Making internal process improvements is a must. Becoming faster, cheaper, more effective, less wasteful — these evolutions are necessary in order for a business to succeed.

Unfortunately, there is a common perception among business leaders that if their business is going well, there is little to improve. Research suggests otherwise. Business leaders consistently rate their processes as being in better shape compared to the employees that actually carry them out.

This by itself is a good enough reason to take a hard look at your business processes. But there are other benefits to making internal process improvements that you may not realize. Regardless of what process you decide to target for improvements, these five benefits can help drive growth, reduce inefficiencies, improve employee effectiveness and deliver a better customer experience.

1. Extract mission-critical information from silos

Processes and people are two critical elements of every business. The trouble is, a great deal of business process information lives inside peoples' heads and is not documented in any meaningful way. There is no visibility or understanding across business segments, and employees do not fully appreciate where they fit in the puzzle.

To improve your business processes, you have to visualize them. This requires that you identify information from the key players involved in the process and document it. This exercise, in and of itself, will provide a great deal of insight into how your business delivers value. This will help you identify gaps, bottlenecks, redundancies and opportunities for improvement as well as mitigate the risk of losing key employees and the critical information that often leaves with them.

2. Improve employee training

When you document a business process, you make it repeatable and teachable. This enables leaders to identify and address resource constraints and improves employee onboarding and training.

With a clear understanding of the employee's role and which business processes are impacted, onboarding and training can be completed more quickly, with greater focus and clearer objectives. Furthermore, a repeatable process can be improved over time as you evaluate what works and what doesn't.

3. Give your employees greater visibility

Employees rarely have a clear understanding about the complete impact of their work and where they play a critical role in their organization. Typically, they are assigned a role with associated tasks and complete those tasks following the same procedure as they were taught — regardless of whether that procedure is actually the best way to carry out their job.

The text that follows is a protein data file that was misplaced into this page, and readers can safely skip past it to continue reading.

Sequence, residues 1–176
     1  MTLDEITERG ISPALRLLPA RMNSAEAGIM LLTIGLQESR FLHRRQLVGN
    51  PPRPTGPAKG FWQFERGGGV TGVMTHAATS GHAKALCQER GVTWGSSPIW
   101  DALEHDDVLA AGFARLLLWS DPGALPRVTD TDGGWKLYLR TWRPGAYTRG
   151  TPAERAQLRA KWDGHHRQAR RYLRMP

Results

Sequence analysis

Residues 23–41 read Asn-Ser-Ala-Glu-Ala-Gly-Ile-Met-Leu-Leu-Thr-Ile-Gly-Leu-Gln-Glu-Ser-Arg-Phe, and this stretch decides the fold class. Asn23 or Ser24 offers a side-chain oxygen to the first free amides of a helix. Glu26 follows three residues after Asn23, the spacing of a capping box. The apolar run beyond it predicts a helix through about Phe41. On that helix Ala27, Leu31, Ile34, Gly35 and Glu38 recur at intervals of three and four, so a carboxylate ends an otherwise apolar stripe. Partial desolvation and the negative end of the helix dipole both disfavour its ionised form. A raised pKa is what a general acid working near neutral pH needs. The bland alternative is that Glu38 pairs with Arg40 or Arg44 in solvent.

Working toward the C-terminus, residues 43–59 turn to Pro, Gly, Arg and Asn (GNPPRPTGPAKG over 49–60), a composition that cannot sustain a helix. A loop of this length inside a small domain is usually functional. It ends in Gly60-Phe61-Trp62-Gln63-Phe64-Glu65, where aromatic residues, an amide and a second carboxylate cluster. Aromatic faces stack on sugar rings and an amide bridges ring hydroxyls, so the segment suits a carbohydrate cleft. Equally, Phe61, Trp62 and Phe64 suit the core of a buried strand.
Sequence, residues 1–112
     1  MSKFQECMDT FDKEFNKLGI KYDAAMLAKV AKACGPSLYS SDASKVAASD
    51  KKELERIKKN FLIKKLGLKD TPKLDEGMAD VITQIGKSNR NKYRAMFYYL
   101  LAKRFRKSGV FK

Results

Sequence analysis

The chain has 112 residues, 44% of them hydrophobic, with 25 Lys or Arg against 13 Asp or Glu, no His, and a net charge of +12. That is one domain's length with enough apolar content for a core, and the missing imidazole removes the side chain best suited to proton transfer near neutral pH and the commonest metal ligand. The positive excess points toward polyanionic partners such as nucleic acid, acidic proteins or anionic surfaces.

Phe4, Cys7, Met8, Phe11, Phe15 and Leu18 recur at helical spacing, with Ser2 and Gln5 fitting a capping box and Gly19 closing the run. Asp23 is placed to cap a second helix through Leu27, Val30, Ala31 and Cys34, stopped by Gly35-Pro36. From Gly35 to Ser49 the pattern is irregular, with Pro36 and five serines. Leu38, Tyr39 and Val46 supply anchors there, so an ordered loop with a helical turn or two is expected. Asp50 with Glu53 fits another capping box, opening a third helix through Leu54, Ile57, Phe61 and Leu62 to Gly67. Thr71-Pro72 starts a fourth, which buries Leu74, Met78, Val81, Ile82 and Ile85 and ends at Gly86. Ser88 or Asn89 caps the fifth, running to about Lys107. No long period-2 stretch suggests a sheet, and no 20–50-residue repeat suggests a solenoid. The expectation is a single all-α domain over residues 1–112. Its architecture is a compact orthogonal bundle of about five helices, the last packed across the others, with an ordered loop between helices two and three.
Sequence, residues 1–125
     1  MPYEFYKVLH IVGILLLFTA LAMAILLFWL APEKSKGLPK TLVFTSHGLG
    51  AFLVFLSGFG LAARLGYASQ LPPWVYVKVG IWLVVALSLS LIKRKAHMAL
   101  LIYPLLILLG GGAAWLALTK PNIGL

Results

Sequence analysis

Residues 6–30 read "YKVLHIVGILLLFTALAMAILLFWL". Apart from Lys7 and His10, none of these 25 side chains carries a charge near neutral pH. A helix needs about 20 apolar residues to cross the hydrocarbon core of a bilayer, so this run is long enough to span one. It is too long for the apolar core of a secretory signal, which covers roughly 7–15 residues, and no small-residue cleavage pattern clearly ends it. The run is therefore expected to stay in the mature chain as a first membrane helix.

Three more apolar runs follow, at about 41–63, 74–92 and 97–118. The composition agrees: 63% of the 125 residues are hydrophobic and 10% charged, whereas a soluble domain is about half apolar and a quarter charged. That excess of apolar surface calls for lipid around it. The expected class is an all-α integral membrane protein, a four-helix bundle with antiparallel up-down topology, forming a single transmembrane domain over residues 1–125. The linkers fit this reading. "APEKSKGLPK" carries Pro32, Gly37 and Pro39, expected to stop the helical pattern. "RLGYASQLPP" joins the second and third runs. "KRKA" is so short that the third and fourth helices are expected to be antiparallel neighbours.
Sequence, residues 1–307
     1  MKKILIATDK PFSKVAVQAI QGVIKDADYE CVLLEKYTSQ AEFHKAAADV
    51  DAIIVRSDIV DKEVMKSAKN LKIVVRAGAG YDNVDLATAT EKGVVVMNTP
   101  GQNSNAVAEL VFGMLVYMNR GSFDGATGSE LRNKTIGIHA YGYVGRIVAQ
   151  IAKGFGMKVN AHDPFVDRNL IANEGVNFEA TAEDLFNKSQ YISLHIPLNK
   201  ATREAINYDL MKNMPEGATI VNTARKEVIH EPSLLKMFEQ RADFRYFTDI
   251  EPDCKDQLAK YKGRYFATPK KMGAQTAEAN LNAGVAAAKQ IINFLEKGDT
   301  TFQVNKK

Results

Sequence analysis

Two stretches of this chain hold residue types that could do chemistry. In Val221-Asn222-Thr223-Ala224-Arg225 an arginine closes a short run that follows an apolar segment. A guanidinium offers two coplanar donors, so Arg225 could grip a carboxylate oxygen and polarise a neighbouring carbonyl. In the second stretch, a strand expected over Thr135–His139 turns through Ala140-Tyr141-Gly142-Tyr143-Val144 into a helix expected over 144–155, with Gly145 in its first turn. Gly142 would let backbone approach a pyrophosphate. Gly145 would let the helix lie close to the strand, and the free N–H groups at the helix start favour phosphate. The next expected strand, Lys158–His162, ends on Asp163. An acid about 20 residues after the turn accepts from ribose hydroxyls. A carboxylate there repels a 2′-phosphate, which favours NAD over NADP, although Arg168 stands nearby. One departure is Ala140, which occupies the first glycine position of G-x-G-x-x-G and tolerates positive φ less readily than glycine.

When employees are given visibility into your business processes and what role they play in a process, they can better understand the purpose of their position and the desired objectives. With this comprehensive understanding, employees can uncover creative new ways of achieving those objectives and identify opportunities to reduce duplication and increase effectiveness.

4. Define your brand

When you can visualize your business processes and begin to make internal process improvements, you gain a deeper understanding about how your organization delivers value to customers. Many businesses struggle with conveying to their customers how they differ from their competitors. Often, this is because the stakeholders aren't familiar with the unique ways that their organization carries out its work — not because there's no difference to discuss.

Gaining insight into your processes can help you pinpoint your differentiators and communicate more effectively how your organization delivers value to your customers helping you stand out from the crowd.

5. Improve your customer experience

When your employees can visualize your business processes and have a clearer understanding of their role and objectives, they can better communicate with customers and address their needs. The customer onboarding, training and service experience can be completed more quickly, with greater focus and clearer objectives.

For example, if different teams are involved in customer-facing business processes, they may not be aware of each other's work. Once you begin to extract, visualize and systematically improve these processes, however, they'll learn about where they're duplicating efforts and where their objectives could be better aligned.

When you carry out an internal process improvement, you'll likely find some bottleneck to open or redundancy to eliminate and drive value for your business as a result. However, there are more benefits to derive from this exercise than many leaders realize. The five outcomes described in this article underscore how the act of identifying and documenting your processes alone can improve your business. Crucially, however, this has to be done in a repeatable, measurable way — otherwise, it will be challenging to derive and store the insights you gain. That's why innovation challenges serve as ideal tools when undertaking any process improvement effort.

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